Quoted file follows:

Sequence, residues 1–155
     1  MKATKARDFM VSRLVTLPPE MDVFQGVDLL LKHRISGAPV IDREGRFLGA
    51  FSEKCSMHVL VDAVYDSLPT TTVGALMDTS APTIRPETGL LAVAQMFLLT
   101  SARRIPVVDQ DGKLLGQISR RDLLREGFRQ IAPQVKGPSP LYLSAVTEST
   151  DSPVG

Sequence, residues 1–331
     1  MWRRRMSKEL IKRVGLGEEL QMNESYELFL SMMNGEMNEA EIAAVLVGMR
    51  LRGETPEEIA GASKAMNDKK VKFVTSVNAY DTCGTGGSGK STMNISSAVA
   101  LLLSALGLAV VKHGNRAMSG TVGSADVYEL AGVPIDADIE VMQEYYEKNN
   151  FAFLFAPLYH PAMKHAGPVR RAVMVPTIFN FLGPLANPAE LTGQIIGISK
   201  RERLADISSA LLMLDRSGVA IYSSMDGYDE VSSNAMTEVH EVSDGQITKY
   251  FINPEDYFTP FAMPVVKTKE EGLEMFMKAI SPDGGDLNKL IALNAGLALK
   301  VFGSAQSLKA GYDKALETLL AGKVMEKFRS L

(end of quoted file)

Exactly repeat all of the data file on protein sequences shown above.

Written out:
Sequence, residues 1–155
     1  MKATKARDFM VSRLVTLPPE MDVFQGVDLL LKHRISGAPV IDREGRFLGA
    51  FSEKCSMHVL VDAVYDSLPT TTVGALMDTS APTIRPETGL LAVAQMFLLT
   101  SARRIPVVDQ DGKLLGQISR RDLLREGFRQ IAPQVKGPSP LYLSAVTEST
   151  DSPVG

Sequence, residues 1–331
     1  MWRRRMSKEL IKRVGLGEEL QMNESYELFL SMMNGEMNEA EIAAVLVGMR
    51  LRGETPEEIA GASKAMNDKK VKFVTSVNAY DTCGTGGSGK STMNISSAVA
   101  LLLSALGLAV VKHGNRAMSG TVGSADVYEL AGVPIDADIE VMQEYYEKNN
   151  FAFLFAPLYH PAMKHAGPVR RAVMVPTIFN FLGPLANPAE LTGQIIGISK
   201  RERLADISSA LLMLDRSGVA IYSSMDGYDE VSSNAMTEVH EVSDGQITKY
   251  FINPEDYFTP FAMPVVKTKE EGLEMFMKAI SPDGGDLNKL IALNAGLALK
   301  VFGSAQSLKA GYDKALETLL AGKVMEKFRS L